Tuesday, May 29, 2007

Graphic Lit: More reviews, more quickly


My pile of comics has gotten rather precarious, and you know what that means: time for another lightning round of reviews!

Must! Critique! Comics! Quickly!

“Aya”
by Marguerite Abouet and Clement Oubrerie

Drawn and Quarterly, 112 pages, $19.95.


Set in the Ivory Coast circa 1978, “Aya” is a disarmingly sweet and funny soap opera about a group of young people falling in and out of love. Perhaps the most surprising thing about the book is that Aya isn’t even the main character. Instead, she serves as a Greek chorus of sorts as she observes her friends make incredibly poor romantic choices. The kind you make when you’re 20 and the future seems too far away to think about.

Despite the cultural differences, “Aya” is filled with characters that will resemble you or people you know. Issues of class and sexism swim underneath the surface, but again, seem intimately familiar. No doubt that’s the entire point.

“Garage Band”
by Gipi

First Second, 128 pages, $16.95.


Like “Aya,” Gipi’s tale of a group of teens attempting to form and desperately sustain a rock band deals with class and cultural issues that might seem foreign to U.S. audiences (Gipi is Italian).

Readers will easily identify, however, with the characters’ desperate attempts to escape their home lives through music, thanks to the author’s masterful way with his characters, both in terms of the dialogue and body language. Anyone who’s ever fumbled through the opening chords of “Smoke on the Water” during his high school years will enjoy this book.

“Daybreak Vol. 1”
by Brian Ralph

Bodega, 48 pages, $10.


Yes, it’s another post-apocalyptic zombie tale, but one with a difference. Ralph tells the entire story from a first-person viewpoint, so that all the characters and events seem to be addressing the reader directly, thereby upping the intensity.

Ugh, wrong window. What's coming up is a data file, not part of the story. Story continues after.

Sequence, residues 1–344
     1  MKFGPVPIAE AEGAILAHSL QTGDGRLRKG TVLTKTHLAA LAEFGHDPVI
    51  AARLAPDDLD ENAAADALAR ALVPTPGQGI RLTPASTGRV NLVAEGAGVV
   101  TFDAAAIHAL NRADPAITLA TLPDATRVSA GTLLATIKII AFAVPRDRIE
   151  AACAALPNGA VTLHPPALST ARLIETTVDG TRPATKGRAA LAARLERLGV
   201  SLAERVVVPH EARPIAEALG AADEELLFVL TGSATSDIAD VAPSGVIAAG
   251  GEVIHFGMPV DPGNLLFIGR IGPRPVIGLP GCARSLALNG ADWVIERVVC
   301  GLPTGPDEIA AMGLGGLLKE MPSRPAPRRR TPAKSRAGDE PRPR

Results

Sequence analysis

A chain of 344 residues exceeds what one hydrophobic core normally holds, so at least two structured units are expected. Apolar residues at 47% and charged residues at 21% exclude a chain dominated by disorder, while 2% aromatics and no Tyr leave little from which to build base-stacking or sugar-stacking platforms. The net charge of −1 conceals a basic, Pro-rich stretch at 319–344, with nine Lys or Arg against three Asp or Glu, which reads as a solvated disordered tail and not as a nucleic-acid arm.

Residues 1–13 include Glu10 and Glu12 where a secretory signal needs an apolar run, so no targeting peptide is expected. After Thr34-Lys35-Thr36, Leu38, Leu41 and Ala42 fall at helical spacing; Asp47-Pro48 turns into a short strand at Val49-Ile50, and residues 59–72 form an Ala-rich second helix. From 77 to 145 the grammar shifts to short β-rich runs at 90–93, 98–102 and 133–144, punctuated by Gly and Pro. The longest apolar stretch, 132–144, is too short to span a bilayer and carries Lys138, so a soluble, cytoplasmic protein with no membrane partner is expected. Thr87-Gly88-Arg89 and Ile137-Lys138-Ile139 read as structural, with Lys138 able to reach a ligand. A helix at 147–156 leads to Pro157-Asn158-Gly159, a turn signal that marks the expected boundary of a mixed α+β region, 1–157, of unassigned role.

The result is a book that seems more interested in exploring a desolate landscape than in providing your usual horror scares, though it’s certainly not without some thrilling moments. Fans of the genre would do well to check it out.

“Red Eye, Black Eye”
by K. Thor Jensen

Alternative Comics, 304 pages, $19.95.


After losing his job, girlfriend and apartment in 2001, Jensen grabbed a bus pass and started on a 10,000-mile road trip through the United States. “Red Eye” documents his travels, which seem to consist mostly of being tired and smelly.

That doesn’t sound like an appealing book, but Jensen is a good and funny storyteller, focusing on the small moments and amusing anecdotes that make up any journey. (I especially like the way he’s able to draw stories out of his hosts.) There aren’t any big revelations, but then why would there be? The kind of journey Jensen details, both inwardly and outwardly, is one of slow progression, not immediate disclosure.

“Escape From Special”
by Miss NoteLasko-Gross

Fantagraphics Books, 120 pages, $16.95.


In cringetastic detail Lasko-Gross chronicles her childhood and early adolescence, focusing on ugly moments of betrayal, embarrassment, isolation and general alienation. Thankfully, she’s not afraid to portray herself at her worst, and there are plenty of moments where she comes off as a brat (my grandfather would have called her “too smart for her own good.”)

The episodic nature of the book works against her to an extent, in that many of the supporting characters, namely her parents, seem like ciphers. We are so deep inside Lasko-Gross’ head that it’s hard to get a feel for the other people in her life. It would have enriched the book to have shown someone else’s perspective.

Still, it’s an engaging, strong first work that suggest a good deal of promise. I look forward to seeing what she does next.

“The Grave Robber’s Daughter”
by Richard Sala

Fantagraphics Books, 80 pages, $9.95.


No cartoonist does gothic horror better than Richard Sala, as this slim little scary book proves.

It’s a bit gorier and more gruesome than his usual work, as teenage sleuth Judy Drood goes up against a nefarious army of murderous clown zombies, but no less gripping because of it. It’s also a bit of a quick read, but those looking for a good, short scare will be well served here.


Copyright The Patriot-News, 2007

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